Democracy in the United States is Decaying
Posted February 23, 2018
“Our Constitution works: our great republic is a government of laws, not of men. Here the people rule.” Thus spoke incoming US President Gerald Ford as he replaced his disgraced predecessor, Richard Nixon, in 1974.
Nixon had resigned less than a year after firing the special prosecutor appointed to look into the Watergate break-in and subsequent cover-up of White House involvement.
He knew he had to go because principled Republicans joined with Democrats in beginning the road to impeachment. As Ford said, the constitution worked.
It is working much less well in 2018.
Elections are becoming less and less democratic. The boundary lines for both state and federal congressional districts are politically controlled by the party with the most seats in the state legislature.
There is no pretense of even-handedness. The likely voters for the minority party are jammed together so that the remaining districts have reliable majorities for the party in control.
Pennsylvania’s legislature is controlled by Republicans. In the 2012 election Democrats won just over half the vote but only won five out of eighteen federal districts in Congress.
Much has been made of the absurd borders of district 7, often described as resembling Goofy Kicking Donald.
Because Republicans control more statehouses than Democrats, they won 11% more congressional districts in 2016 while winning just 1% more of the vote.
It is some consolation that the State Supreme Court has ordered a more sensible redrafting of the borders. That outcome is tainted by the fact that the court’s makeup has also become politicized, the Democrats currently having a 4-3 edge.
Perversely, this system serves the interests of incumbents of both parties. Districts designed to have predictable outcomes do not generate much interest by voters.
Their opportunity to make choices has also been reduced. Fifty-three federal districts (about 10% of the total) were uncontested by one or other of the major parties in the 2016 election.
Only about 10% of congressional districts are viewed as competitive. Fewer than 5% of Representatives seeking reelection in 2016 were defeated.
Likewise an astonishing 42% of districts for state legislatures were uncontested by one of the major parties. To the extent that there is any real competition, it is in the primary system for choosing party candidates. These tend to favour fervent ideologues over pragmatic centrists.
The vast amounts of money spent in American elections are almost entirely focused on the few competitive districts. That points to the second big problem for democracy in the United States—the excessive influence of people who have a lot of money.
So beholden are elected representatives to the political power of the National Rifle Association, and the financial contributions of its members, that a sensible response to massacres in night clubs, outdoor events, churches, and schools never gets traction.
A group led by the Koch brothers plans to spend US$400 million on the 2018 congressional elections. The money is funneled through a multitude of organizations such as Americans for Prosperity.
The majority of funds raised will be spent on just the few dozen competitive races, paying for advertising, polling, and on-the-ground workers.
Those voices are amplified by a broad array of highly partisan broadcast, print, and internet media. Rather than seeking a balanced approach, many have found it a more profitable business model to cater to and reinforce the biases of their consumers.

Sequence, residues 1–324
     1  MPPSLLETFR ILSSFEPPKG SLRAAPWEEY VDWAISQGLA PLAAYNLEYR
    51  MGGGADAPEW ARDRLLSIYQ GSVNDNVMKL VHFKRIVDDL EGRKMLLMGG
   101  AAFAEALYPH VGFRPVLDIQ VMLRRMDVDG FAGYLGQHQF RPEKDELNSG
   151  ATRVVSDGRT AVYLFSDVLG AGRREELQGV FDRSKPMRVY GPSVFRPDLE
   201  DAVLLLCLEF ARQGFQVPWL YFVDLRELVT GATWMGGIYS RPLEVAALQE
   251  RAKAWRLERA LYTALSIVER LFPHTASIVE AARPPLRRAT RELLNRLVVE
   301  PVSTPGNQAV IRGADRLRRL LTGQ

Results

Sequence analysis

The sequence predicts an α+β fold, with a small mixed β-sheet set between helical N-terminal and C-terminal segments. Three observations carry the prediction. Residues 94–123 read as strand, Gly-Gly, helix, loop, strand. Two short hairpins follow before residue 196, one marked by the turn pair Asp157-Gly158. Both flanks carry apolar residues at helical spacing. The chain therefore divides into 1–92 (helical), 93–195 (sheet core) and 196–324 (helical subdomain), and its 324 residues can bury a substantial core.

A reader of the editorial pages of the Wall Street Journal and the New York Times on the same day could be forgiven for wondering if they were talking about the same country.
They are by no means the worst examples. Student survivors of the Florida school shooting have been vocal in demands for gun control, for which they have been attacked by right-wing fringe media.
The president’s son, Donald Trump Jr., liked two tweets disseminating conspiracy theories about a student leader whose father is a retired FBI agent. One tweet linked to a story in Gateway Pundit that accused the father of coaching his son in peddling “anti-Trump rhetoric and anti-gun legislation,” claiming the FBI is using him as its pawn.
The other tweet linked to a story in True Pundit that described the student as “the kid who has been running his mouth” about Trump and Republicans. “If he knew the shooter would snap — as he and other students have professed — perhaps he could have told his father about it,” the story charged.
At the top of this decaying edifice is a self-absorbed president incapable of grace, unconcerned about truth, and disinterested in finding consensus among people with differing perspectives.
His approval ratings hover around 40%, which may seem impossibly high to observers from other countries, but reflects the ardently supportive media he receives on the right.
Meanwhile, the Democrats lack both a coherent message and a credible messenger.
Congress fares much worse. Its approval rating has been less than 20% for the last EIGHT years, seven of them while Obama was president.
America is becoming polarized. Moderates from both parties are an endangered species. Fragmented and partisan media make it difficult for voters to know who or what to trust. Voters are being disenfranchised by the power of money and the unscrupulous manipulation of electoral boundaries.
America’s historical example, though not without flaws, has been an extraordinarily important positive force in the world for a century. It is not only Americans who should be concerned.
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